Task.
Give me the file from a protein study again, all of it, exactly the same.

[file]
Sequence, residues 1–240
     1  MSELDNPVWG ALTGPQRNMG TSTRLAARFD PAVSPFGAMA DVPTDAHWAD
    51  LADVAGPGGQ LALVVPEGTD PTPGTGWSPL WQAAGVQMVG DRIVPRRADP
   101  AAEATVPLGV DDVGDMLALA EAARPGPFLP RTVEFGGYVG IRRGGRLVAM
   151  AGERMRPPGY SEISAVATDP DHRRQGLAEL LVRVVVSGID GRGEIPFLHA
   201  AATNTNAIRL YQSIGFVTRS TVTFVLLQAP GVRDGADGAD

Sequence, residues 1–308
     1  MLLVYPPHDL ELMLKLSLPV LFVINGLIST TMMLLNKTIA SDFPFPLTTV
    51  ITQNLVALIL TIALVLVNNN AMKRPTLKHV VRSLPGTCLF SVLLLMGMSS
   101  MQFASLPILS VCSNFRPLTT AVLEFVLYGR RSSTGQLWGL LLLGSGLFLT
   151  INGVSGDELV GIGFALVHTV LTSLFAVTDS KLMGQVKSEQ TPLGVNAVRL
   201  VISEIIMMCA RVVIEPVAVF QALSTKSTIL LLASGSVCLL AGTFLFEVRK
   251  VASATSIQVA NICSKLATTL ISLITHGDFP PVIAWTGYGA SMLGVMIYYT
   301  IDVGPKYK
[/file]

Sequence, residues 1–240
     1  MSELDNPVWG ALTGPQRNMG TSTRLAARFD PAVSPFGAMA DVPTDAHWAD
    51  LADVAGPGGQ LALVVPEGTD PTPGTGWSPL WQAAGVQMVG DRIVPRRADP
   101  AAEATVPLGV DDVGDMLALA EAARPGPFLP RTVEFGGYVG IRRGGRLVAM
   151  AGERMRPPGY SEISAVATDP DHRRQGLAEL LVRVVVSGID GRGEIPFLHA
   201  AATNTNAIRL YQSIGFVTRS TVTFVLLQAP GVRDGADGAD

Sequence, residues 1–308
     1  MLLVYPPHDL ELMLKLSLPV LFVINGLIST TMMLLNKTIA SDFPFPLTTV
    51  ITQNLVALIL TIALVLVNNN AMKRPTLKHV VRSLPGTCLF SVLLLMGMSS
   101  MQFASLPILS VCSNFRPLTT AVLEFVLYGR RSSTGQLWGL LLLGSGLFLT
   151  INGVSGDELV GIGFALVHTV LTSLFAVTDS KLMGQVKSEQ TPLGVNAVRL
   201  VISEIIMMCA RVVIEPVAVF QALSTKSTIL LLASGSVCLL AGTFLFEVRK
   251  VASATSIQVA NICSKLATTL ISLITHGDFP PVIAWTGYGA SMLGVMIYYT
   301  IDVGPKYK